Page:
‘Counting On’: Duggar Family Followers Can’t Understand Jessa Duggar’s Obsession with Home Births

Jessa Duggar decided to take to YouTube to share her birth stories. The mother of three went through each of her three deliveries and was honest about the fact that she enjoys the concept of giving birth at home. Followers, however, noticed a few discrepancies in the story about her third delivery, and many believe she is fibbing. Whether she’s lying or not, one question remains; Why, exactly, does Jessa seem obsessed with home births, even after she’s experienced complications?

Followers believe she never intended to head to a hospital for her third birth

Jessa has insisted that she planned to head to the hospital for the delivery of her third child. Instead, she ended up giving birth to her first daughter, Ivy Jane Seewald, at her family’s home in Springdale, Arkansas. According to Jessa, Ivy’s arrival was a bit of surprise, and her midwife was out of town, forcing her to have another home birth. Followers are calling nonsense on those statements.

View this post on Instagram

Birth stories. Now up on my YouTube! Click the link in my bio to watch! . I’ve given birth naturally three times now. Natural birth doesn’t make me any more of a woman, nor do I think it’s the only way birth should be done. I have nothing against hospitals or epidurals— and in fact, I may give both a try if God were to bless us with another baby in the future. . . I thought it would be fun to share my birth stories with other mamas— including raw footage from all three births! Giving birth isn’t easy. It’s hard work. To be honest, I moan like a cow through nearly every contraction (I will spare you the audio). But every mother knows that feeling when the baby is delivered and laid on your chest for the first time. It’s a magical moment, and one that makes it all worth it. . There were fears to be worked through, but also humorous things to be laughed at (later— not in the moment). When I was in labor with Spurgeon, I told Ben we weren’t having any more kids. And I meant it. But it didn’t take long to change my mind. As the months went by, the memory of the intensity and pain faded. Our baby boy was just so cute and sweet, and pretty soon I started envisioning him as a big brother interacting with a little sibling. Before I knew it, that previous resolution was thrown out the window, and God graciously gave us another gift— Henry! Then a little over two years later, our baby girl Ivy was born.

A post shared by Jessa Seewald (@jessaseewald) on

Several Reddit users insist that Jessa may have manipulated the situation to ensure she had a home birth instead of a hospital one, regardless of her husband’s wishes. Many note that a midwife would have likely offered Jessa an alternative plan when they headed out on vacation, and none of those alternative plans would have involved laboring, unassisted in her home.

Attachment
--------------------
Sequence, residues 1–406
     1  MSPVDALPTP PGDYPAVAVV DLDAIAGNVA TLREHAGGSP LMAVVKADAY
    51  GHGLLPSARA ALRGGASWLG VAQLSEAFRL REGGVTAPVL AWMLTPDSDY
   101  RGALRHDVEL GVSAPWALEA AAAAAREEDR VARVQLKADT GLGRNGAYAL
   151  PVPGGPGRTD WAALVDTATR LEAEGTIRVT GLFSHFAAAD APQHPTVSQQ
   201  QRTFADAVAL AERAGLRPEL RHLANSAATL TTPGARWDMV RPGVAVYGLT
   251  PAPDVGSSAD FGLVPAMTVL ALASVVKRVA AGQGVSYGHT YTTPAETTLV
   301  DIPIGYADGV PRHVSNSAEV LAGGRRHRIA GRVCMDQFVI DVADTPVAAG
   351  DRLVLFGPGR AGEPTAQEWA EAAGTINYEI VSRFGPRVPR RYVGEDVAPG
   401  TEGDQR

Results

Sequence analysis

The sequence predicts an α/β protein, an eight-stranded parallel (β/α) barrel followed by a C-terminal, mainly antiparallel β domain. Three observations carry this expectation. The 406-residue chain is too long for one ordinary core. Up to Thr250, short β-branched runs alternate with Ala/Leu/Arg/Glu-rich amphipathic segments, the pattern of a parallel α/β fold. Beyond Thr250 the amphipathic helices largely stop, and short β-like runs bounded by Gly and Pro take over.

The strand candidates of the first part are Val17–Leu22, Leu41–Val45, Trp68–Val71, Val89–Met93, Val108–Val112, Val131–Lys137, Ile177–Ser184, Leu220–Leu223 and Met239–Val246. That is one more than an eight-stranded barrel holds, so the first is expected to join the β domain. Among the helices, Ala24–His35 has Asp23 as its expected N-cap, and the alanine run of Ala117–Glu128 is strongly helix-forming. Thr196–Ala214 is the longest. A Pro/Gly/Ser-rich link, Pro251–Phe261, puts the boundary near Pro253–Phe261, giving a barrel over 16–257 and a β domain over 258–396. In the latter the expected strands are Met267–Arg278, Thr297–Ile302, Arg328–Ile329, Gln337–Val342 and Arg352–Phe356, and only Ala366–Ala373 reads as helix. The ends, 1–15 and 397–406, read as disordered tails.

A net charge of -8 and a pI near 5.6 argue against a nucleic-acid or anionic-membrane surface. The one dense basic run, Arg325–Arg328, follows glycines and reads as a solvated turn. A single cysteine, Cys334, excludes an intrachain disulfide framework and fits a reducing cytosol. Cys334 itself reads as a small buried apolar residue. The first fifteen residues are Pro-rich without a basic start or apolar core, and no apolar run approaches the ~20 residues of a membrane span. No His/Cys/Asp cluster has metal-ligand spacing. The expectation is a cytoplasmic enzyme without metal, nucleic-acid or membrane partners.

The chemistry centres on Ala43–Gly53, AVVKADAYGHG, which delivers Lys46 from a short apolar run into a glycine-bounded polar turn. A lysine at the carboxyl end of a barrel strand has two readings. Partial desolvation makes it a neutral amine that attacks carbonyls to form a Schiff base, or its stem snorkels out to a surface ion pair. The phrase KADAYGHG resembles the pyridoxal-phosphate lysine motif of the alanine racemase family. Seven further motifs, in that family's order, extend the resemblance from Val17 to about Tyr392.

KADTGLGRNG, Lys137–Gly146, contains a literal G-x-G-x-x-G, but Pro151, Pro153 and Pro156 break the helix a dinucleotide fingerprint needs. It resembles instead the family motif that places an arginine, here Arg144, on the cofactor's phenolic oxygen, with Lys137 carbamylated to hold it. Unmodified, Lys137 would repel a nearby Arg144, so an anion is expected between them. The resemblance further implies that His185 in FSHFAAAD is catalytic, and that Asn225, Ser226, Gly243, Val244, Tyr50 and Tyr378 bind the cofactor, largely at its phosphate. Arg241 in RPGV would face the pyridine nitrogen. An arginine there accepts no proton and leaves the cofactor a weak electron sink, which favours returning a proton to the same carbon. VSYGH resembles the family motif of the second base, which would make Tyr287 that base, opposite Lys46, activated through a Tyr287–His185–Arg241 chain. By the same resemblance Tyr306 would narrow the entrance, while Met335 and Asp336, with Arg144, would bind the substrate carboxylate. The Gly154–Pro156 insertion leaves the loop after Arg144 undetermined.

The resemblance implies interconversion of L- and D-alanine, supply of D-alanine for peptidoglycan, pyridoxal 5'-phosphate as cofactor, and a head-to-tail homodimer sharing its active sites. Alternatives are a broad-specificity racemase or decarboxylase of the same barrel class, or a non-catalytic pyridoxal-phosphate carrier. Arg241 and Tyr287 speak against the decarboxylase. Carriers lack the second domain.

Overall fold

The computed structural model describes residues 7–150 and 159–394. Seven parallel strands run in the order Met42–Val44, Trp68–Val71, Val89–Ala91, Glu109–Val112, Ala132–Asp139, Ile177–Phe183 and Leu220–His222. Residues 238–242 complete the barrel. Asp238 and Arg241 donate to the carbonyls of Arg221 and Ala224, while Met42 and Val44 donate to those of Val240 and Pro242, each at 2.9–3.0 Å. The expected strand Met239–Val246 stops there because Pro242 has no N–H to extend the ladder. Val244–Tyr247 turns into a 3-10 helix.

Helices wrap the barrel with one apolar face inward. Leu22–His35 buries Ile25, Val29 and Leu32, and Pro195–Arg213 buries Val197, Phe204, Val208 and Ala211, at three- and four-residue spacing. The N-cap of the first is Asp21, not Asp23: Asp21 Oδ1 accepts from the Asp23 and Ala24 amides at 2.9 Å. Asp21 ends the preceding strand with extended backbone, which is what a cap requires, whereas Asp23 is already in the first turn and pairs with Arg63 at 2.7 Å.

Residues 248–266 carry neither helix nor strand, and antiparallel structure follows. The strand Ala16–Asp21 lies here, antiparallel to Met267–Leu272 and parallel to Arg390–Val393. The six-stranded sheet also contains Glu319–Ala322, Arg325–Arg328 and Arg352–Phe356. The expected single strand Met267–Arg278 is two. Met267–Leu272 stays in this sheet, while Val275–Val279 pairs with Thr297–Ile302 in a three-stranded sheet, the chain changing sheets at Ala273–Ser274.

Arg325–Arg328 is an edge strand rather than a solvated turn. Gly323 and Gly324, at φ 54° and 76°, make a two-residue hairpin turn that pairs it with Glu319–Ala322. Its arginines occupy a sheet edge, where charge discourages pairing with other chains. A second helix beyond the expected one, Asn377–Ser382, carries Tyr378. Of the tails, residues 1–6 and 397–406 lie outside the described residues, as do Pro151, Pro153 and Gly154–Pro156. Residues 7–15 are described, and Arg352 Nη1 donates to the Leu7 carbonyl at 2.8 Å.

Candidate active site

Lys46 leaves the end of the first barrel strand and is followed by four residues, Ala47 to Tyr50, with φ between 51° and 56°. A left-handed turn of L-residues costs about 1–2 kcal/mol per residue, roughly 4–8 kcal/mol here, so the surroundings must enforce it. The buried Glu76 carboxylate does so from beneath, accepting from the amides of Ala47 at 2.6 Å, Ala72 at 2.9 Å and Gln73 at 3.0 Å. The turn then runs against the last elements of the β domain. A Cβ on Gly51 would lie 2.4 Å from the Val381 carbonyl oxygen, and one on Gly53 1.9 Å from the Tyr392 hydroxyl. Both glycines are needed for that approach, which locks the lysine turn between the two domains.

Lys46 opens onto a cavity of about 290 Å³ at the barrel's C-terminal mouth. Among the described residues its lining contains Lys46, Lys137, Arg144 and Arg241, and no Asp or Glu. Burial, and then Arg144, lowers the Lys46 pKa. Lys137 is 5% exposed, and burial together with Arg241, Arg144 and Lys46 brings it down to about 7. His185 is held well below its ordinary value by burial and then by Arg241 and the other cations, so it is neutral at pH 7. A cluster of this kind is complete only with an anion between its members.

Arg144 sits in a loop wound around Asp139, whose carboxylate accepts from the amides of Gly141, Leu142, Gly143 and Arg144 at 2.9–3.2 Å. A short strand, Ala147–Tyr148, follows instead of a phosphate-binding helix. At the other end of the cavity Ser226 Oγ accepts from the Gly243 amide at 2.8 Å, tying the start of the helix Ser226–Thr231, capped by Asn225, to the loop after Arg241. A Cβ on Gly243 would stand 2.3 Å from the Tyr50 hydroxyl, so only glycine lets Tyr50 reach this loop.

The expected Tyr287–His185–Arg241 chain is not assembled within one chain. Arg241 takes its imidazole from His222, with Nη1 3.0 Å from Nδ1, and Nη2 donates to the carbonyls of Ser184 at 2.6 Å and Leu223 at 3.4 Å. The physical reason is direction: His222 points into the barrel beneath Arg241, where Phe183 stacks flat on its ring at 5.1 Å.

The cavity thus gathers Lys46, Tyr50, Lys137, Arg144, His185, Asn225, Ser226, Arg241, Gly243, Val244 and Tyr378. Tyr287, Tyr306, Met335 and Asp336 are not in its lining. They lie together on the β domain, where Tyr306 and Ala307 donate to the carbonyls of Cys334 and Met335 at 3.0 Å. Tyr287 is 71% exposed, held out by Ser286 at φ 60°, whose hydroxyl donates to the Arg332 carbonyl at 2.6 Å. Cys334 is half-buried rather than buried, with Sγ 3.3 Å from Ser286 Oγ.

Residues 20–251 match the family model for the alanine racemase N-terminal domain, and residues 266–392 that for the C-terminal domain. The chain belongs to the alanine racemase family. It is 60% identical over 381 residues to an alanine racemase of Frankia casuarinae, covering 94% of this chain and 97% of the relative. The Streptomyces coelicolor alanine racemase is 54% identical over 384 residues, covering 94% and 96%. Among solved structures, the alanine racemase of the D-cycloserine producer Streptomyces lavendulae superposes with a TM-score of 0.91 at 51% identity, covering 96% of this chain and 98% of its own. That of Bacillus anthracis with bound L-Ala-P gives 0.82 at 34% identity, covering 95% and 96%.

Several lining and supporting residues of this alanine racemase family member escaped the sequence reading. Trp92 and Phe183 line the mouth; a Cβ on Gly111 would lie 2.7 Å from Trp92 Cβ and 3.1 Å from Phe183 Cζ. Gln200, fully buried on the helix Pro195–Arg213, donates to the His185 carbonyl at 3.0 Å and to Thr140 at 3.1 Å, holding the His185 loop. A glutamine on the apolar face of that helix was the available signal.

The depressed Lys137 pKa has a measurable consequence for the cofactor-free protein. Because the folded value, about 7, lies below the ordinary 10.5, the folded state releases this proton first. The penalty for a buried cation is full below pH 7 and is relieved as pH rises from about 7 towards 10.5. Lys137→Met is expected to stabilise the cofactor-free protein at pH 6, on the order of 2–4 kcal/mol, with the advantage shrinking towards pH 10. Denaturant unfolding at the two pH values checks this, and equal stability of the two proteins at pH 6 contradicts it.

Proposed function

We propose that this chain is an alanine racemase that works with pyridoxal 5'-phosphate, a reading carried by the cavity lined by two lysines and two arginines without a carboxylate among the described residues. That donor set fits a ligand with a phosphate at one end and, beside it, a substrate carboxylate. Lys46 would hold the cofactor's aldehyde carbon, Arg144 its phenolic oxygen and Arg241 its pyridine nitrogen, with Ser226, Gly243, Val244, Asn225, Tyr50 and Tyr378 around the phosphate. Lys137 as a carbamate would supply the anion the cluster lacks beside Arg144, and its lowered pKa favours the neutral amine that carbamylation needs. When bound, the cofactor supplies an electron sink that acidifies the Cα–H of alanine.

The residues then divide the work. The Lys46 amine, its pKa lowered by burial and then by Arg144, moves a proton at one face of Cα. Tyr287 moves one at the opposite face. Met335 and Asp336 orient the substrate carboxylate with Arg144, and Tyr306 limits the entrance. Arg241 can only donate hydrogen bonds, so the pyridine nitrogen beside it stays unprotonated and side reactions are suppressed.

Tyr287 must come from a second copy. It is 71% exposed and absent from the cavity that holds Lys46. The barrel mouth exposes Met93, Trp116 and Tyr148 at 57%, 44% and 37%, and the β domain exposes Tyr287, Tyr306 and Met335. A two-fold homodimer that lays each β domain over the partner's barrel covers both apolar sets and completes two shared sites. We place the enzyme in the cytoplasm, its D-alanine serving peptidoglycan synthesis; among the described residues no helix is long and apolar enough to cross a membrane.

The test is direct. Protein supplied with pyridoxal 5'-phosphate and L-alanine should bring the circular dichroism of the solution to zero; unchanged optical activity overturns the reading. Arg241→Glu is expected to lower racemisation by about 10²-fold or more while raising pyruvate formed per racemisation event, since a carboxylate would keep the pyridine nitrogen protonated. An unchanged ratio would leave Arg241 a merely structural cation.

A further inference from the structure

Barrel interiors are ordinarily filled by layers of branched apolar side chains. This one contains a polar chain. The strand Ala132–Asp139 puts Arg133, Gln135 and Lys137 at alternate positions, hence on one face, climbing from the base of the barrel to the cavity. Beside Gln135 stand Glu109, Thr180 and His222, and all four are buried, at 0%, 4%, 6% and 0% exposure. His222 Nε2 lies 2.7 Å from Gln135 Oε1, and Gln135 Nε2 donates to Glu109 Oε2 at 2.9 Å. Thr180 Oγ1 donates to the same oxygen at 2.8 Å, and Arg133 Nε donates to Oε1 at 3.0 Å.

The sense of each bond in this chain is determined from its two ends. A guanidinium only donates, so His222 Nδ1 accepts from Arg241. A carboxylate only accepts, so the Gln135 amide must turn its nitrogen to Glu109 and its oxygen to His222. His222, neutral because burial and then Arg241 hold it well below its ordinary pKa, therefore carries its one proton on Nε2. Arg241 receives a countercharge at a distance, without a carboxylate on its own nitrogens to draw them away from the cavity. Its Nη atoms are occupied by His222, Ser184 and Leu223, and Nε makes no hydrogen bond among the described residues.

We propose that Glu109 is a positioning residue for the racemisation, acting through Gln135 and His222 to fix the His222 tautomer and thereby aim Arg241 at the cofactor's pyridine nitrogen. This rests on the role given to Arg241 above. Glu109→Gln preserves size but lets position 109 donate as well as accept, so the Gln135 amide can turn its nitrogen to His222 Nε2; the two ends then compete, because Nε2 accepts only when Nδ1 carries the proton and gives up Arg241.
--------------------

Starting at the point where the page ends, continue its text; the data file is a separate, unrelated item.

The midwife, who has not been identified, has never spoken out about the situation, and likely never will. Regardless of how the birth happened, Jessa did end up needing emergency care after she began to hemorrhage. It was not the first time that a homebirth attempt ended in an ambulance ride for Jessa. During her first labor, Jessa needed assistance when she began to bleed heavily. Her second birth, with her youngest son, Henry Seewald, did not have the same complication.

Why is Jessa obsessed with having homebirths?

Home births are common among the Duggar women. While Michelle Duggar had the majority of her children in a hospital setting, she did attempt home births on more than one occasion. The family has never directly discussed why they choose this method of bringing children into the world. Those who have left the Institute of Basic Life Principles, the controversial ministry that the Duggar family is associated with, believe the family’s religion plays a part. They suggest the ministry’s former leader, Bill Gothard, promoted the practice.

Duggar family followers mainly believe that the IBLP is the reason behind Jessa’s interest in homebirth, too, although several of her family members have chosen to labor in hospitals. Jinger Duggar, for example, picked a hospital birth when she was pregnant with her daughter, Felicity Vuolo. Kendra Caldwell, Lauren Swanson, and Abbie Burnett all decided to deliver their children in a hospital setting, too.

Jill Duggar and Joy-Anna Duggar have both attempted home births, though. Jill tried two home births. Both ended in emergency c-sections in a hospital setting. Joy-Anna also required an emergency c-section after a long labor with her son, Gideon Forsyth.

How common are homebirths?

Jessa may be committed to the practice, but home births are not particularly common, although the method is on the rise after falling out of favor with expectant mothers for decades. According to The New York Times, 98% of all children born in the United States are born at hospitals or in birthing centers.

In 2004, less than one percent of all babies born were born inside the home. Twelve years later, nearly two percent of babies in the United States were delivered at home. While the jump may seem insignificant, it is a pretty massive jump, all things considered. Several medical journals advise against the practice, citing that home births carry double the risk of neonatal death.